Processing Magazine

Thanksgiving brings few blessings this year to troubled turkey industry

November 17, 2008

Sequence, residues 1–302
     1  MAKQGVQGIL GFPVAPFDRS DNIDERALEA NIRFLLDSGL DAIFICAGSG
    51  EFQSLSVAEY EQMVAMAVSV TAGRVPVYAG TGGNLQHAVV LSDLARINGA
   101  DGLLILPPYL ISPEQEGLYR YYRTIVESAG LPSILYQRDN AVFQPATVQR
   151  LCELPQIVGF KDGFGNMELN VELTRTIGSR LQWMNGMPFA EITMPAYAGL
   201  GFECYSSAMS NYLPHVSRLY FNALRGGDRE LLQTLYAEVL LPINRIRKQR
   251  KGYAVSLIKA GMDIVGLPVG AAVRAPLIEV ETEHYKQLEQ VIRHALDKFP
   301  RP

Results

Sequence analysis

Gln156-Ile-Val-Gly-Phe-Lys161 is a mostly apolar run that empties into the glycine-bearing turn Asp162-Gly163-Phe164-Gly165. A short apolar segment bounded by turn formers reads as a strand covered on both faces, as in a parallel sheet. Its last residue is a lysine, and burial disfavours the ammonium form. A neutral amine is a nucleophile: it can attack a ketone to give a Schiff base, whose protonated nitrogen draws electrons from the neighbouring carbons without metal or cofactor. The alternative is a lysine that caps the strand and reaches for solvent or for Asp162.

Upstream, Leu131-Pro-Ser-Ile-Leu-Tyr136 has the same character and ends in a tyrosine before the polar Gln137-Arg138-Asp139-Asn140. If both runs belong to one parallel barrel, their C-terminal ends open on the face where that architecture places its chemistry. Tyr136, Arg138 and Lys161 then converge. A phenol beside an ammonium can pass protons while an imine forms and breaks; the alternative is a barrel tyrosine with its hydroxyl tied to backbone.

Meat producers have been struggling this year with higher costs for key ingredients like corn, soybeans and oil, part of why the cost of beef and chicken has risen so much. Turkey producers are facing all the same pressures, but don''t have the same economies of scale and have to plan a year in advance for the one day a year they count on most. According to the Associated Press, some 46 million turkeys will be eaten on Thanksgiving Day, about the same as in previous years. Consumers will see good prices this year, since retailers will heavily advertise turkey at prices where they may not make any money on the deal in hopes that shoppers drawn in by the lower price will buy lots of other products. It''s prime turkey-eating time in an industry that produced about $13.9 billion worth of product last year. But even the seasonal sales boost won''t ease the industry''s sagging profit margins. Too much meat on the market, high prices for commodities and fuel and weaker demand from restaurants have sliced into profits. Turkeys are in trouble, but on a smaller scale compared to other meats since people eat more beef, chicken and pork overall. Turkey producers say prices edged up slightly, but not enough to recoup the costs of raising the gobblers this year. About 29 percent of all turkey consumed during the year is eaten during the holidays, industry figures show, though that''s down from 50 percent in 1970 as more people ate turkey year-round, especially in the form of sandwiches and ground turkey. Turkey producers must plan far in advance for the Thanksgiving holiday, where they sell the majority of whole birds for the year. The eggs for the turkeys being consumed this Thanksgiving were laid in July just as commodity prices approached record highs. Just like beef, pork and chicken companies, turkey producers have been announcing production cuts as a way to boost prices. But those won''t take effect in time for the holiday. Hormel said in August it was cutting Jennie-O''s production by 5 percent after its turkey segment saw feed and fuel costs rise $53 million in the third quarter. Butterball shut down slaughtering operations at a plant in Longmont, Colorado this year, eliminating about 490 jobs. Given the amount of turkey meat in storage, it will take until at least April or May to get all that out of inventory.